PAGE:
Darren: Yeah, absolutely. And I think, you know, to touch on the point, you said there about why people go for certain brands “free from”. And I think, you know. Generally, the population are always searching for healthy alternatives, despite what the media might paint it as – that we are all unhealthy and all the rest of it. We are all genuinely concerned about our health. And so having a product which is truly, you know, which is truly actually healthy is a rarity, to be honest, because, you know, you know, as a marketing expert, they package all of this stuff up in really creative green packages and “be good to you” packages, not naming any supermarkets. And unfortunately, when you look at the ingredients, which 99 percent of us don’t, that they are far from healthy, far from it.

Helenor: And that  really actually winds me up because there’s no excuse for it. No, no. I get really cross about it, my son has had all kinds of tummy issues in the past, probably always to be fair and we’ve been on exclusion diets where we’ve gone “free from” for a while. Dairy free, wheat free, even on a low Fodmap diet. The thing that angered me and it was anger, wasn’t just disappointment. I was really cross about it . Yeah. Well that something that might be free from gluten, but it will be full of rubbish. Yeah. And it’s just kind of like you take the gluten. Why have you got all of this? And it’s not even food, it’s chemicals. Why do you put all of these chemicals into these products? I don’t want to feed my kids this. Yeah, this is not an option. So you end up making everything yourself, which is OK if you’re like me and really enjoy making food. But if you don’t, people default to these unhealthy options, which you just know, it might be “free from” them and they might meet dietary needs, but they’re actually not fulfilling their needs for  life. I think it’s just wrong.

Darren: Yeah, I completely agree. And I get very animated and on my soapbox about it because my kids I don’t go to the Supermarket that much anymore. But when we do, they complain to me because we spend double the amount of time that you probably should, because I look at labels. Right. You’re not having not having that. And then as a parent, you kind of feel a little bit bad because you feel like you’re restricting because their answer to you is why everyone else is having it. Why can’t we have it?

Helenor: And then don’t get me started on school dinners because I just can’t right now. My son’s trying to get really healthy. And so he’s 13, you know, he wants to look good. And so he wants to be he’s left quite a lot of weight. He wants to  lose more. He’s trying to get more muscley and he’s just like it’s carb-tastic at school. It’s all paninis and pizzas and chips .And that’s not what  he wants. All he wants is chicken breast, lettuce and peanuts. You wouldn’t think that was a really hard or complicated or weird diet that he’s on. And it’s no, can’t have that, it’s not available. And it  just kind of doesn’t have to be difficult to eat well, it really doesn’t, it just needs to get better at giving people choices, better choices in supermarkets, at schools when they’re out and about everywhere. But the choices need to be available.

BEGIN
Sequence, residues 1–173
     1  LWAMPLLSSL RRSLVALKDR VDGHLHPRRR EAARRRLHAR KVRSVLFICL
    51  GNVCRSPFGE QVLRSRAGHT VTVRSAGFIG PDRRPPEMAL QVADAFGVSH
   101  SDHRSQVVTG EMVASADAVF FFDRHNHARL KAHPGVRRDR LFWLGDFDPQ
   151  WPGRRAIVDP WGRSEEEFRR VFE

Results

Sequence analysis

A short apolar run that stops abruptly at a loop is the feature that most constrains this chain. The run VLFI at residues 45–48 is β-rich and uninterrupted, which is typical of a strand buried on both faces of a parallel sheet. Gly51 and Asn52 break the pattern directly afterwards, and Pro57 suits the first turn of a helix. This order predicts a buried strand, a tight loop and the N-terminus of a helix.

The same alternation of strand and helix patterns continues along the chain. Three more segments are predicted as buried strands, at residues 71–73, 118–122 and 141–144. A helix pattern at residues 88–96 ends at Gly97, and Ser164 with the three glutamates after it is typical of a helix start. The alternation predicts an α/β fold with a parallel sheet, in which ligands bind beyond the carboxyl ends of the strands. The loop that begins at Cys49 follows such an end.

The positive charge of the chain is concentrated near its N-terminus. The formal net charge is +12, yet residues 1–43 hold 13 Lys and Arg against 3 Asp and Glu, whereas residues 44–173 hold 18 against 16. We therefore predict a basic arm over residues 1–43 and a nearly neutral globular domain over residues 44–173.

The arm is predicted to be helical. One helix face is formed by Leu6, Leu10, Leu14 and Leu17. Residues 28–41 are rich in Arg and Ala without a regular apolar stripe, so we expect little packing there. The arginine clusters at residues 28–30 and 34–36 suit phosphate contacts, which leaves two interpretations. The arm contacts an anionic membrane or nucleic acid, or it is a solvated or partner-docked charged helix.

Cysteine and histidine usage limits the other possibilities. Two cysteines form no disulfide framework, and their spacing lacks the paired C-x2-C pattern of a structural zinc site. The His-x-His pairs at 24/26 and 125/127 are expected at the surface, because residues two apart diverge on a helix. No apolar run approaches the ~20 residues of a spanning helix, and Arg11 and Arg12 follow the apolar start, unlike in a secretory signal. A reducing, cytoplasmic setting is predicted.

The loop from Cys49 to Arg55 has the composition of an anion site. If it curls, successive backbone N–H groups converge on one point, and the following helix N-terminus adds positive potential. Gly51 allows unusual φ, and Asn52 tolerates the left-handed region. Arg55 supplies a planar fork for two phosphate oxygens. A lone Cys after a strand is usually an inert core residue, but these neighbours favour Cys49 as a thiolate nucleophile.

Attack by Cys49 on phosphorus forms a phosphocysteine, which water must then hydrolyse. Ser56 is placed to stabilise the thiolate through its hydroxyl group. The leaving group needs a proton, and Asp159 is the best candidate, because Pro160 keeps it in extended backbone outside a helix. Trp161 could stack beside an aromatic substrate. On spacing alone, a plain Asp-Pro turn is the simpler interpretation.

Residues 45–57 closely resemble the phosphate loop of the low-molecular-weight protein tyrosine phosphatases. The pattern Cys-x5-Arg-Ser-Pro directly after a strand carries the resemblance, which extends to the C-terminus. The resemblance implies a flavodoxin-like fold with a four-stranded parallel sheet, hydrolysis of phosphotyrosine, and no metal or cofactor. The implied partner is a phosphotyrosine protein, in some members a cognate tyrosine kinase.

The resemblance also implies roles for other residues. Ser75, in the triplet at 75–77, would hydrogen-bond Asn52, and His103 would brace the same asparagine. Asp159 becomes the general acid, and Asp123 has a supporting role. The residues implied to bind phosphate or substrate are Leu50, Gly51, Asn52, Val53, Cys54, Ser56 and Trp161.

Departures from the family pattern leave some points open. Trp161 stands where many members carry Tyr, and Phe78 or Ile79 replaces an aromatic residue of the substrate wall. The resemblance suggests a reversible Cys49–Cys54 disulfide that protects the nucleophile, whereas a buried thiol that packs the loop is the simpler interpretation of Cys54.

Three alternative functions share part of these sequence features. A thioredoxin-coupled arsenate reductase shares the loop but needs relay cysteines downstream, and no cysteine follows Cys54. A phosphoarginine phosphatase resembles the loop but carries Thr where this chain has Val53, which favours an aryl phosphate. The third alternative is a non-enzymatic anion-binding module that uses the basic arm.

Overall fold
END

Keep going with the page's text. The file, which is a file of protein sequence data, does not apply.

Darren: Yeah, I think it’s about awareness and understanding. But I mean, we could probably do a whole podcast, particularly on children’s nutrition relating to education, but we won’t go there. 

Helenor: No, we won’t go there today.

Darren: So obviously in the time that we’re at now. I guess food goes through phases, and what I mean by that is we had the whole kind of “gluten free” starting 10 years ago and then maybe about three or four years ago, it was all into protein and now everything’s gut health. Right. So why is it do you think now gut health has become so popular? What’s causing this now?

Helenor: I really do hope it is popular, because it’s fundamental, you know, and I think it’s being led by science. And science is amazing, the things that scientists are discovering right now,  they will hopefully change the way we live forever, because if we want to live to a ripe old age healthily, we have to fundamentally change the way that we are consuming food and that is all to do with our gut health. Everything. If you look at all of the diseases, there’s some statistics that came out a couple of years ago, which were shocking but not surprising. So, you know, up to a third of killer diseases like stroke, cancer and diabetes, all of these things which are life limiting diseases, could actually be prevented if you only ate 30g of fibre a day. And that’s to do with the gut bacteria. You are eating 30g of fibre per day to feed your gut bacteria, prebiotic fiber, that it needs to reduce the inflammation that causes all of these diseases. You know, so it’s not hard. It’s really not complicated. And another one,  less than six months after that research came out, more research came out, was also published in The Lancet saying, well, kosher stuff, which said that twenty two percent of deaths,  over 22 percent of deaths, could actually be prevented if people just ate better food. And we’re actually malnourished in the U.K., how awful is that? That we’re malnourished and it’s because people are eating all of that white processed rubbish. Yeah, it’s not doing them any good at all. We need to really stop and be more conscious than our consumption.